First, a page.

RG: I was in denial for a long time, I didn’t do any research into epilepsy for ages and didn’t want to know anything about it. I guess I was embarrassed having it. The only way it physically impacted me is that I had to stop my driving lessons which was a killer, being so close to having that control of my own life, not having to rely on others and having that independence to then have it taken away is just felt like a kick whilst you’re already down kind of thing. By this point I had already decided that I wanted to try and give it a go in the film industry, working in production was instantly ruled out due to the long hours and somehow ended up working in a pitch-black room surrounded with multiple monitors which also wasn’t recommended, but I don’t think the photosensitivity side of stuff affects me that much… but I can tell when something isn’t going to pass a Harding/PSE (photosensitive epilepsy) test, I actually prefer working in the dark, I get a headache when all the lights in the room are on.

 

CK: PSE tests are funny because I am the one who quite often has to run the tests, yet I’m also the one who’s triggered by them when I’m assisting. I’ve sometimes had to remove myself from the situation and just say I can’t do it. But, epilepsy has given me this super power to fix a harding fail faster than anyone as I can go to the timecode it’s flagged and instantly see what the issue is where a lot of people still won’t know what it is they’re looking for, like when I was working on the Paralympics I was like “yeah the water is reflecting a weird pattern on the wall which is why it’s failing”, everyone was just like oh, wow, okay! Was a nice feeling.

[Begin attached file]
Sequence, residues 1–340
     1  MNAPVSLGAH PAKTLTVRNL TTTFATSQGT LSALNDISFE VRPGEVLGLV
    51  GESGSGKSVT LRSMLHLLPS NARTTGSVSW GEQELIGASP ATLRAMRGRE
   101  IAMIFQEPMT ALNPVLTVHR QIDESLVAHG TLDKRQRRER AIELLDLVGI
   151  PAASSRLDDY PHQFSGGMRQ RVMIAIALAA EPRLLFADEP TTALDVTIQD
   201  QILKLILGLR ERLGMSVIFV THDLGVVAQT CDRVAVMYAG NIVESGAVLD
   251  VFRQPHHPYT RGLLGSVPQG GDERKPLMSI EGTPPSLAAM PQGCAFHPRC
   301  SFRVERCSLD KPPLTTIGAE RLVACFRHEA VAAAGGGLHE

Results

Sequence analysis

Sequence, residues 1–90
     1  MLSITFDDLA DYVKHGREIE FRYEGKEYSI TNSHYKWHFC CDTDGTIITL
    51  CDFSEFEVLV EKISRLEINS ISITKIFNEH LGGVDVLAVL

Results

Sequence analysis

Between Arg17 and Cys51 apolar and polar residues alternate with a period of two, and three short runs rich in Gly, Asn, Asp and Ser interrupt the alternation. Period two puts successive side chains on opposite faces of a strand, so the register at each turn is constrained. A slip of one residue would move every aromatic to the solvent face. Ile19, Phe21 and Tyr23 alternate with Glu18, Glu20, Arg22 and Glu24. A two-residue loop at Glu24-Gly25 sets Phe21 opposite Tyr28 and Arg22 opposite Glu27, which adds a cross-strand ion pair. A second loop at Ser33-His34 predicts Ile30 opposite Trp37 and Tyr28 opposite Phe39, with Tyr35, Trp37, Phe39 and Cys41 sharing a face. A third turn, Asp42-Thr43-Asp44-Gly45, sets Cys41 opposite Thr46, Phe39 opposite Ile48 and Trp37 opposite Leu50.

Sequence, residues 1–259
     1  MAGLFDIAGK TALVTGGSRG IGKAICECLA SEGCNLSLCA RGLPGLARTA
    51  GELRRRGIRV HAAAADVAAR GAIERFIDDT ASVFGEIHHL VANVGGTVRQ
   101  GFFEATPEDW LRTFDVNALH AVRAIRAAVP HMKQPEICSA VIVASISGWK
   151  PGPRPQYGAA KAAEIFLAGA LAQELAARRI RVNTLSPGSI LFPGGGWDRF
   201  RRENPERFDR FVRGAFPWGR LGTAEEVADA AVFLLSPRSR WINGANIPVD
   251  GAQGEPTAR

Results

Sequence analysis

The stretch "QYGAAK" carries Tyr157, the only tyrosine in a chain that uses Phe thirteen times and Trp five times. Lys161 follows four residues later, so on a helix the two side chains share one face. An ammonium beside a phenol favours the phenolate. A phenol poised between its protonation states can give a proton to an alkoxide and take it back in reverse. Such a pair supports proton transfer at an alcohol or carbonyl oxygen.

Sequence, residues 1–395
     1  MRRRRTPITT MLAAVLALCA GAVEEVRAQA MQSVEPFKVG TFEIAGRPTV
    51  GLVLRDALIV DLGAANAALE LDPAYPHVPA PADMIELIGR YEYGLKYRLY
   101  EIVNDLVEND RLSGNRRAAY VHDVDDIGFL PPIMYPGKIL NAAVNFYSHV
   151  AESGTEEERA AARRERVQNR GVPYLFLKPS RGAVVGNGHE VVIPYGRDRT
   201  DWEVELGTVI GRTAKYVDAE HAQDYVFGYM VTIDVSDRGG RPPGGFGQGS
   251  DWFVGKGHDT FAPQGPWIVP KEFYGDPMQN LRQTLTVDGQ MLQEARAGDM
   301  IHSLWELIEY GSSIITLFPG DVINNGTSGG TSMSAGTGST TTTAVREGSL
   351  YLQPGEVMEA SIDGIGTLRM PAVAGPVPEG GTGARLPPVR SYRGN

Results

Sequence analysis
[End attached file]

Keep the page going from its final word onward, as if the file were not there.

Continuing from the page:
RG: I mean, damn, That is an amazing superpower! having Epilepsy in the film and television Industry really can pay off.

 

CK: I can totally relate to the driving side of stuff as well, I grew up in Cornwall so getting around is ridiculous, you have absolutely no independence! Every town is about 20 miles away from each other and it’s £60 for a taxi there and £60 for a taxi back and buses stop running around 5:30pm, so you can’t really go on a night out without spending a fortune!

 

RG: I guess I’m quite lucky where I live, it’s built up and has a really good residential/night life balance, I’m not far from London either so getting around is very easy. Me not being able to drive didn’t really become a problem till I lived on my own and then all of a sudden, I craved to be behind the wheel again

 

CK: Moving to London was one of the best things I’ve ever done just because of the public transport! TFL is amazing, I get so excited over it and just being able to call an Uber when ever is incredible. I feel so independent. I love seeing my family, but as soon go home to visit them it’s just a constant reminder of everything I am not able to do as I find myself asking for lifts and not being able to do what I want to do, and as an adult that’s very frustrating.